Katrinka Wilson - (h)edge kelektiv
with Jack Brown, Jo Thomas and Katy Beinart
Caravan, In Dialogue, Primary Studios Nottingham
Katrinka: I’ve really enjoyed being able to present. We communicate better through our art than we do in any other way... that’s been really fantastic... it’s made more sense
JB: Good being able to do that, to be able to have contact with your peers afterwards because quite often you will do something like that and the audience has gone and you’re kind of like I don’t know what they thought of it
KW: Use the things that are going on around and reflect on what you’ve done so partly as a result of that we’ve.. It’s been quite transformative for our partnership.
JB: Can you just say which organisation you are with
KW: (h)edge Collective
JT: and it’s Katrinka Wilson
KB: Do you just want to tell us explain a bit about the work…
KW: We were experimenting with a subsidiary of Hedge Collective which we call Hedge on Site mainly what it consists of is wearing boiler suits which gives you permission to be somewhere. So you wear these boiler suits and you have a sort of gravitas because of the uniform and so that is sort of a performative act... but we do unannounced performance so we don’t really like anybody to know that we are doing a performance. Obviously the fact that we are wearing boiler suits mitigates against that in some way but it makes us feel better because we’ve got the boiler suits on. And er we wanted to do two things with that particular piece of work. We wanted to find out whether our working practice/ collaboration had moved to a point where we could collaborate in silence ... because what we do is we are site responsive artists that go into a space and we also make work, sometimes have to work quite fast/ really quickly and we also have quite different practice bases as well. So sometimes the thing about being a collaborative duo has been fairly testing in a lot of respects, the whole thing about ego and ownership, all of that stuff is really true with … we really want to see where we’ve got to after three years because we can now do work on a project in two different cities and put that project together you don’t know whose work is whose and we can now do that with only one meeting or only a couple of phone calls. So we thought it would be really interesting to see if we went into a space and didn’t talk whether we could create something that had some consistency, authenticity and it turns out that we can. ..
KW: But the other thing we are very interested in is institutional languages, particularly civic languages like signing/signage and way finding and all that kind of stuff and the way buildings order people’s behaviour and signs have this change effect on people – you see a sign and you like do it. Our main way of working is trompe l’oeil with me that comes from a performance background with Mitchell that comes from a visual arts background. What we do is we kind of copy things and you don’t know if it’s real or not. We can recreate things so you don’t know if we’ve made it or not including in performance I used to be a mime artist. So the tromp l’oeil is you mess with signage and you change it or you reorganise it so it looks like the institutional signage or you rename a space and that’s all the playful stuff and we were testing that as well. And then a whole load of other stuff came from that and so our minds were just going ere r ere r...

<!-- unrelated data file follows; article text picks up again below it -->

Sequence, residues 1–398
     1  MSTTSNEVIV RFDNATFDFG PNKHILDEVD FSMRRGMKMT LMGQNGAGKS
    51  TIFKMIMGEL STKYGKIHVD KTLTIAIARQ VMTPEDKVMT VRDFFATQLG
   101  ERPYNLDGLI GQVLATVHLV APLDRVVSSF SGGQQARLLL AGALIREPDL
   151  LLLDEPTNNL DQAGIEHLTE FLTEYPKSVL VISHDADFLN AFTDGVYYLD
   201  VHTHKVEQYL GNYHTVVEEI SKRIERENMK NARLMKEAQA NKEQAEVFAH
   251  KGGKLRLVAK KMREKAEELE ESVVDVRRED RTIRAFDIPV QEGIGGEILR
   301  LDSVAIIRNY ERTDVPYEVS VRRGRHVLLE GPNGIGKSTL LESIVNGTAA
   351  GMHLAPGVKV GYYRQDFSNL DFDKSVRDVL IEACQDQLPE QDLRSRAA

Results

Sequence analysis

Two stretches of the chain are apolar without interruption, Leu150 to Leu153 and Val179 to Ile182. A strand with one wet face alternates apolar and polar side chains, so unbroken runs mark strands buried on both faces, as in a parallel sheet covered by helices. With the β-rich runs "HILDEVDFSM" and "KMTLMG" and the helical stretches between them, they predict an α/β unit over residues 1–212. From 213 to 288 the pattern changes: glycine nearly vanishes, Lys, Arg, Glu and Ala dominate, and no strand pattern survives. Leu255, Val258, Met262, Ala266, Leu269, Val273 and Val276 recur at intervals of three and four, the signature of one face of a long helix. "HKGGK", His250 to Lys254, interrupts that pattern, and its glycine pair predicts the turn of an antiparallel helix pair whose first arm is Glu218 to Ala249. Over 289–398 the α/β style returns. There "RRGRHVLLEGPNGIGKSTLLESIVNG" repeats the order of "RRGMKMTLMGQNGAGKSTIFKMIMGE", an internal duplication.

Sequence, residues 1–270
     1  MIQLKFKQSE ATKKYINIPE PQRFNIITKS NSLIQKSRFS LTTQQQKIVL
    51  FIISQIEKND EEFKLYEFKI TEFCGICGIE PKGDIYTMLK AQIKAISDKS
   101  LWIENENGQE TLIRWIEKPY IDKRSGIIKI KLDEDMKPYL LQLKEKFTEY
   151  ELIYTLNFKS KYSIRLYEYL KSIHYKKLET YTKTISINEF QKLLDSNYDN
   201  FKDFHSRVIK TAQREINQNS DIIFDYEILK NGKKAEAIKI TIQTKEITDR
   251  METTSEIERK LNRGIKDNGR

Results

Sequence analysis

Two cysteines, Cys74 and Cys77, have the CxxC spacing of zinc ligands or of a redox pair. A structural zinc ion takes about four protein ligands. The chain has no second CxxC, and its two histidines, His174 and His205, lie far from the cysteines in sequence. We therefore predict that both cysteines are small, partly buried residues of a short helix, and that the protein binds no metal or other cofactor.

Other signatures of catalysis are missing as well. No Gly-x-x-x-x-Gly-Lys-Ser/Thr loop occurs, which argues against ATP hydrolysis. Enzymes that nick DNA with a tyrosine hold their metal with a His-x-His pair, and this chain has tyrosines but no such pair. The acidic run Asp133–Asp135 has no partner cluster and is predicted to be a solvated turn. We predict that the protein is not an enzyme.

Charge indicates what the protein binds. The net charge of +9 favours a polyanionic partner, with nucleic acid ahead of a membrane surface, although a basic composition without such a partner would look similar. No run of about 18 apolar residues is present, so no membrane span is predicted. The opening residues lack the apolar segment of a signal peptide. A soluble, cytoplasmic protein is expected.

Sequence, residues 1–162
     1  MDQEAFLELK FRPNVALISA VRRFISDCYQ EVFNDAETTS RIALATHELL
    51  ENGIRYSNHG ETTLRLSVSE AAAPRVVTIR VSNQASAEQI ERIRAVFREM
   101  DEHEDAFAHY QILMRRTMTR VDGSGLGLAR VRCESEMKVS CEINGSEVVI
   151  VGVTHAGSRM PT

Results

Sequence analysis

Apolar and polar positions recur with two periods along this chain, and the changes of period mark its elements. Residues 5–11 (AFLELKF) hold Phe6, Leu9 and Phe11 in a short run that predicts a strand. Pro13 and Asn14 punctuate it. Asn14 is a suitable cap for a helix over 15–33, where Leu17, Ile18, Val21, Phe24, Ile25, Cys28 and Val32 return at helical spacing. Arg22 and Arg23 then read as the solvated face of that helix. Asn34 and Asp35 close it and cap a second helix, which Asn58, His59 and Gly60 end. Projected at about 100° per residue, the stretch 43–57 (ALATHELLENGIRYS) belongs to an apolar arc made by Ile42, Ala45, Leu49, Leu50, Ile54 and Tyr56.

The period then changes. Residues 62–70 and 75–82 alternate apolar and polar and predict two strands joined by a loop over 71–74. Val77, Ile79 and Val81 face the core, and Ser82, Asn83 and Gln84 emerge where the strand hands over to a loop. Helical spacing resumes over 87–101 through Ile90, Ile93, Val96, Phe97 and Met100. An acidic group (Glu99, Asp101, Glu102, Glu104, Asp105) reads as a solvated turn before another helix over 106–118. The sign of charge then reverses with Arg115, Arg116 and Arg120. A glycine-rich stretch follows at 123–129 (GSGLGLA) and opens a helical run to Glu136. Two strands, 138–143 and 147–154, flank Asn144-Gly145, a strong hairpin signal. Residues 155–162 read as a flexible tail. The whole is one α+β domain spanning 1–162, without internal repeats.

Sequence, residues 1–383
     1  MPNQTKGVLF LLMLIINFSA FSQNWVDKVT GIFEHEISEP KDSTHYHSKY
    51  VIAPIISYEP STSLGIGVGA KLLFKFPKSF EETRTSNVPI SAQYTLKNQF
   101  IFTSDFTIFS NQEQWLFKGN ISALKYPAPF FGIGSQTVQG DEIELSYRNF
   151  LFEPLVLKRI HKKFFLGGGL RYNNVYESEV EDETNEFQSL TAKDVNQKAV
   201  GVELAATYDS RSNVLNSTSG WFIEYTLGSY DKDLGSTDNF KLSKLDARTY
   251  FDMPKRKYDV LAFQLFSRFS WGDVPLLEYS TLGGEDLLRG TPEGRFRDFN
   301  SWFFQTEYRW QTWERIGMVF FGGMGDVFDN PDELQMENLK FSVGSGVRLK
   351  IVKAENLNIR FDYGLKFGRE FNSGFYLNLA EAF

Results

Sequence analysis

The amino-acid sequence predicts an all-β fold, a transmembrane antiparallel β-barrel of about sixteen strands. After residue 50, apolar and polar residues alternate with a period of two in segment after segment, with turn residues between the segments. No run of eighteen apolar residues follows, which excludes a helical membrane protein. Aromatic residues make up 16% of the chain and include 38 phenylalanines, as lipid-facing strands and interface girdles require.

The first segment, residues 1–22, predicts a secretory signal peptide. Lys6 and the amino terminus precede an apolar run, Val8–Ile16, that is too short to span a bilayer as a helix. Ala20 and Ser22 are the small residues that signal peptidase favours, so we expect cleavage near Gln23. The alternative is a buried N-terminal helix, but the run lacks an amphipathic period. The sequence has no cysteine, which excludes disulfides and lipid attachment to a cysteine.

JT: It’s really difficult to talk about something sometimes when you’ve just done it.
JB: What was that artist we listened to David Harding he taught at Glasgow. He did the Environmental Art course at Glasgow it’s become quite a big thing and that’s where a lot of the Turner Prize winners are coming out of. One piece when you were talking about the way people respond to signs and one of his early works which was a beautiful piece was basically do you know when people walk through a park and they make their own patterns path across the grass and it’s called ‘desire lines’ which is like proper paths he just made the reverse of that which is lovely.
KWB: Yes that sounds lovely very beautiful. Well this is this whole thing about when we went to look at Nottingham Contemporary what we liked and what we thought about were these things called dwell spaces – I don’t know if you have come across them or a meanwhile space.
KW: which is a posh way of saying foyer. So what we are really interested in all our work is being on the verge – that’s the thing – things that are on the verge you know is it isn’t it... spaces that are something but are not – so we really wanted to – and there wasn’t a gallery 5 and we thought it just should have a gallery 5 instead of these different dwell spaces. So we tested these different dwell spaces which were just the foyers and then decided that the downstairs one should be Gallery 5 and so we installed Gallery 5 and we put in Gallery 5, created the gallery and had an installation as well which means we’ve now exhibited in Gallery 5.
JB: Yeah I like it because Gallery 5 doesn’t really exist..
KW: It’s gone now it’s in the back of my car. The exciting thing is you could put Gallery 5 anywhere. You could put Gallery 5 up in here and this would be a gallery – so we had the desk I don’t know if you saw and we called the desk the office and people, you know, would come to it so just by putting that sign